After touring Auschwitz, Kazimierz was nice for two reasons: one, it followed up so much death with so much life, and two, it made so many of the stories seem personal. We visited the Galicia Jewish Museum, created by British photojournalist Chris Schwarz, which displayed much of his work on Jewish life and relics in Poland as they exist today. The best part of the museum, though, was dedicated to the Righteous People who helped Jews during the Nazi occupation of Poland. Some of the stories were chilling, including a 10-year-old girl who spread horse manure around hiding places to throw off Nazi track dogs and a Polish teenager who purchased and smuggled forged identification documents to her Jewish classmate. Unfortunately, though, there weren't enough of these stories, and many people actually called the Nazi police to turn them in. For those that didn't actively choose to either assist the Jews or report them, there was often a decision, as well. As Alli said previously, I don't think any of us know exactly how we'd react to having a rifle barrel pointed at ourselves, our parents, or our children, so I could never fault them for keeping quiet to save the lives of their families. But I guarantee that those who didn't stand up for what was right will never be celebrated or have museum exhibits in their names, let alone a feature-length film directed by Steven Spielberg.

We were completely shocked when a worker saw us milling outside of Oskar Schindler's factory and personally took us on a brief tour of his office. Apparently the site is being turned into a museum, but until then, only a small exhibit and film exist. We climbed the infamous stairway so prevalent in Schindler's List, and then we were led into his office. It is exactly as it looked when he worked there. The bookshelf is the same. The desk is the same. His chair is the same. I sat down and thought about the closing message to the Righteous Peoples exhibit, which said that we must stop persecuting people based on the color of their skin, their sexual preferences, or their religion. People should be judged as individuals, not according to the groups in which they fall. Schindler and those like him did just that, and it was nice to learn about how many lives were saved for a change. We celebrated, in a sense, by going to a dinner and listening to a traditional Jewish klesmer band consisting of a bassist, a violinist, and an accordionist.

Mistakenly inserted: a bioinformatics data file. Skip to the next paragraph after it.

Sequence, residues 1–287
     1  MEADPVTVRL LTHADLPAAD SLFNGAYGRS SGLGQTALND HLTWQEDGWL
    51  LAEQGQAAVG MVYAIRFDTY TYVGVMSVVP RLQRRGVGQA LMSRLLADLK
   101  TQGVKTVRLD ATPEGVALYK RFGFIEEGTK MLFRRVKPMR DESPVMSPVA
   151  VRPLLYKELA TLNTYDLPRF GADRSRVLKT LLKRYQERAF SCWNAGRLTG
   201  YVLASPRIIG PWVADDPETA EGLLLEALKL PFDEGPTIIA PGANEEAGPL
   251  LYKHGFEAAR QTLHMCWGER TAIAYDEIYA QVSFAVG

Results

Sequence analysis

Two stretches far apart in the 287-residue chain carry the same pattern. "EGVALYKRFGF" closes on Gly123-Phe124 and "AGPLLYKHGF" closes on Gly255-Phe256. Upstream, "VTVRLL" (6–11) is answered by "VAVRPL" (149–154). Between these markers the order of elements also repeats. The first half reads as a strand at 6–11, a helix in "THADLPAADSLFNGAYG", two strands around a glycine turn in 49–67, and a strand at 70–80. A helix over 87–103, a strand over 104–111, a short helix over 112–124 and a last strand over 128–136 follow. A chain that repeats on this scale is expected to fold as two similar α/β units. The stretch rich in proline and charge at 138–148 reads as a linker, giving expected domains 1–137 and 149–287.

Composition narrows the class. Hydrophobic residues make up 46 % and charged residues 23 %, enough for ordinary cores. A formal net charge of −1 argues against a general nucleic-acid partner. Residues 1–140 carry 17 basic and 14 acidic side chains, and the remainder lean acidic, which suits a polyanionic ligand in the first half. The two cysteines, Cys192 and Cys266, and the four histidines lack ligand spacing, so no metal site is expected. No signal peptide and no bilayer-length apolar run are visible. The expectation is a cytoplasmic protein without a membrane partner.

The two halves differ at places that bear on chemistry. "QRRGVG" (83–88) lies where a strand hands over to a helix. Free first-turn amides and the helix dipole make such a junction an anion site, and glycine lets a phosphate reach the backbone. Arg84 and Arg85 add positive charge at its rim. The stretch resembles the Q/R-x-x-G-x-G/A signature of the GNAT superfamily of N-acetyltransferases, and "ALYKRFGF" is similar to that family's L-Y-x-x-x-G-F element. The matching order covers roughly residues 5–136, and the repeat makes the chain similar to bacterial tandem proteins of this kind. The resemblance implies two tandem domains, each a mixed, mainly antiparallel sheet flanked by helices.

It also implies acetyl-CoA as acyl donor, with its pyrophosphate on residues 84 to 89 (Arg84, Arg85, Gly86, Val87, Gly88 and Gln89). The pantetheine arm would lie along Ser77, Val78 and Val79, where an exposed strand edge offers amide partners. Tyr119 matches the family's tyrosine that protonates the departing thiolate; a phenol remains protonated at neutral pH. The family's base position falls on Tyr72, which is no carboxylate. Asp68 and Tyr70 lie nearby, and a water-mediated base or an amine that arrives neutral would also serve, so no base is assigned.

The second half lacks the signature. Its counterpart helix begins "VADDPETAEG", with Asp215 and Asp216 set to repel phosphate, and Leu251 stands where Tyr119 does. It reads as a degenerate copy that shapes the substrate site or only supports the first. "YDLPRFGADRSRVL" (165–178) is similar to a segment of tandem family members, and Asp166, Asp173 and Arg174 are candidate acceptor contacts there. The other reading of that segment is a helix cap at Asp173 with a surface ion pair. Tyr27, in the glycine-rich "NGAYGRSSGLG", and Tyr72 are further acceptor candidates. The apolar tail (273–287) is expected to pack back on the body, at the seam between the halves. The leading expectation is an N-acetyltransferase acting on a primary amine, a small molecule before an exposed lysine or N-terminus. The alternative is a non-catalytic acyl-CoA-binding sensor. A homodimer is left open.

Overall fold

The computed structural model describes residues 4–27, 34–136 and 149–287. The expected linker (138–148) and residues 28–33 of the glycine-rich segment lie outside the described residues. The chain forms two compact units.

Since we stayed in Krakow for six nights, our longest stay anywhere so far, we decided to have Socioeconomics Day. We began in the communist Disneyland called Nowa Huta. According to Stalin, making Poland communist was like putting a saddle on a cow, so one of the Soviet solutions was to build a factory with an adjacent living quarter to house its workers. They built a semicircular neighborhood complete with self-sustaining apartment buildings that included their own stores and schools. It was communism in action and encapsulated the Soviet ideal. That's why its layout probably seemed so boring, despite being surprisingly pleasant. I admired the planned efficiency, but when there's nothing to sell in the stores, as was the case in Poland due to frequent shortages and deficiencies, there's not much point in having a store at all.

After finishing our morning in Nova Huta's Lord's Ark Church and newly renamed Ronald Reagan Square, we continued our lesson with the pinnacle of capitalistic society - the mall. We went to the Food Court and ate KFC, and seriously considered going to a movie after the smelling popcorn. We were there for a reason, though, and we circled both the top and bottom levels in search of a few warm items of clothing in preparation for the colder weather ahead. But alas, we found nothing, making us both poor communists after finding Red Pleasantville kind of boring, and poor capitalists after not spending any money. I did wind up buying a Fanta, though, but still couldn't figure out why the hell the Poles design the plastic rings on their bottle caps to only pull halfway off.

At the end of the week, we finished up another café writing session and headed toward the station for an overnight train to Budapest. We only had about seven dollars worth of Polish money left, so going to an ATM machine made no sense. Our only cheap option was four McDonald's cheeseburgers and a bottle of water, leaving us with 10 zloty cents, or 3.33 pennies, and just enough to buy two postcards.

They Said:

Happy 8th Birthday Google! We are so proud of all your accomplishments!